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Dust Storm over the Red Sea
This page contains archived content and is no longer being updated. At the time of publication, it represented the best available science. However, more recent observations and studies may have rendered some content obsolete.
A dust storm blew off the coast of Sudan and over the Red Sea on July 4, 2008. The Moderate Resolution Imaging Spectroradiometer (MODIS) on NASA’s Terra satellite captured this image of the storm at 7:55 UTC (10:55 a.m. local time). The plume in this image is thick enough to completely hide much of the land surface in eastern Sudan. Over the Red Sea, the eastern edge of the plume thins enough to allow a glimpse of the water below. The plume almost reaches the coast of Saudi Arabia, and a very thin veil of dust passes over Jaza ir Farasan in the southeast.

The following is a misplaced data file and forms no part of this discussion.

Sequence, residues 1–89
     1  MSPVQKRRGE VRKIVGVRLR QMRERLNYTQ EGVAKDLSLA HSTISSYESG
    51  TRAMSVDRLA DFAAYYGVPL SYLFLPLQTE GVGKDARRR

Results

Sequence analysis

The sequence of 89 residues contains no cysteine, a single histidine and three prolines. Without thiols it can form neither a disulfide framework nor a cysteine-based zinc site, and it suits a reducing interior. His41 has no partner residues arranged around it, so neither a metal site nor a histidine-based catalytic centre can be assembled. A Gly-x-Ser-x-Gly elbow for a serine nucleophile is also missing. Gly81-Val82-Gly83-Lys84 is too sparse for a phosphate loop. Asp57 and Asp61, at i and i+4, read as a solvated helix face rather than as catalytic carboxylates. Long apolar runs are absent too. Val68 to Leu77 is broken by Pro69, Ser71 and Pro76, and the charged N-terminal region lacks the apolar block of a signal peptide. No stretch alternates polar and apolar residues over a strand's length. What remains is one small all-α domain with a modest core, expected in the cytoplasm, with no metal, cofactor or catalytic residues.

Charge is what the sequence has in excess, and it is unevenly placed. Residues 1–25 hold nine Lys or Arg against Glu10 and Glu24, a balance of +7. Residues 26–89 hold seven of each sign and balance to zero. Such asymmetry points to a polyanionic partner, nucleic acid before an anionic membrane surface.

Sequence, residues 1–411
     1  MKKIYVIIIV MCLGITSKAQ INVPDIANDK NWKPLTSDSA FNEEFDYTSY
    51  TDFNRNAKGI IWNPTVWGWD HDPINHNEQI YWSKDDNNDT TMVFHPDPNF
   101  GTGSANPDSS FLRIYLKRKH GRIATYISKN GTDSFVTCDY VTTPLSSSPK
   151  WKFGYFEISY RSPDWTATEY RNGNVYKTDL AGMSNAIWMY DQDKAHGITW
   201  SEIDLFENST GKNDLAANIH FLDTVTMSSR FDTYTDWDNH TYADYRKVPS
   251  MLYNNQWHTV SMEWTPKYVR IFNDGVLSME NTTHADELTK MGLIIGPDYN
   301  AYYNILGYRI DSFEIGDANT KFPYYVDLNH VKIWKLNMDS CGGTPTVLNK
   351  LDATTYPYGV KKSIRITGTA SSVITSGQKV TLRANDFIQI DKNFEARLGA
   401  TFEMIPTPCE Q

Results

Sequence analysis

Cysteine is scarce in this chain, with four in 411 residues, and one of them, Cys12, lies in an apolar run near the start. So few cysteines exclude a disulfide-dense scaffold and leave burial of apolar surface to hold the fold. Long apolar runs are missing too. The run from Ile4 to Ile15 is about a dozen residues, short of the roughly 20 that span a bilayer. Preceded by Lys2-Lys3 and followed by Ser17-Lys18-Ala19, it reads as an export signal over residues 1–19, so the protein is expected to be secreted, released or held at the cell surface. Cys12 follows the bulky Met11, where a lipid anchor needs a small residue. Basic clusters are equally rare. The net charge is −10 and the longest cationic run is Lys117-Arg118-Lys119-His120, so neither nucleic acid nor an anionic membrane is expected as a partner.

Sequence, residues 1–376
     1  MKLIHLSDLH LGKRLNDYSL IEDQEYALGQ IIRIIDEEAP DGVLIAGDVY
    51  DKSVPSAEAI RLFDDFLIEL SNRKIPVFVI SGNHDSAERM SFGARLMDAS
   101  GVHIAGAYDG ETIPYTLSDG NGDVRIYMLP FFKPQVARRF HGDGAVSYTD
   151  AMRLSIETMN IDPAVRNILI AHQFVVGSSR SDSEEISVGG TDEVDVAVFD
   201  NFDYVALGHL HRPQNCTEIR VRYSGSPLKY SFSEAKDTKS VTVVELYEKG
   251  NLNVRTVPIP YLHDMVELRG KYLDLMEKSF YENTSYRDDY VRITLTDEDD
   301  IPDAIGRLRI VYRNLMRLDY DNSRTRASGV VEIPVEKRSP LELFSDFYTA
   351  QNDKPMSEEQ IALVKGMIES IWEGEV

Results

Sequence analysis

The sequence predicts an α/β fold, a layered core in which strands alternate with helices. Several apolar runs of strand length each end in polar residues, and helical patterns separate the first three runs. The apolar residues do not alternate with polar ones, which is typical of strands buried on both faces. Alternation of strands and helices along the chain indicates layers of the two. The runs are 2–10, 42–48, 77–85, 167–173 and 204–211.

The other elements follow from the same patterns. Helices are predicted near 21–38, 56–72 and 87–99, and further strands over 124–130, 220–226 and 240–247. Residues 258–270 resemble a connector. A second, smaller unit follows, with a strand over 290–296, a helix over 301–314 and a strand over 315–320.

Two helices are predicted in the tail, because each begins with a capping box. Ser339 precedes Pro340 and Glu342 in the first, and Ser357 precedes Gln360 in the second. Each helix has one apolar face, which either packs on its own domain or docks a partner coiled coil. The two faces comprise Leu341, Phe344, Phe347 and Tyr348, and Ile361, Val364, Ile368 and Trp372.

The origin of the dust storm is not obvious from this image, and the dust plume appears to have originated farther inland. A sand sea straddles the border between Sudan and Egypt, some 1,000 kilometers (620 miles) from the coast. Some of the dust in this storm might have originated there.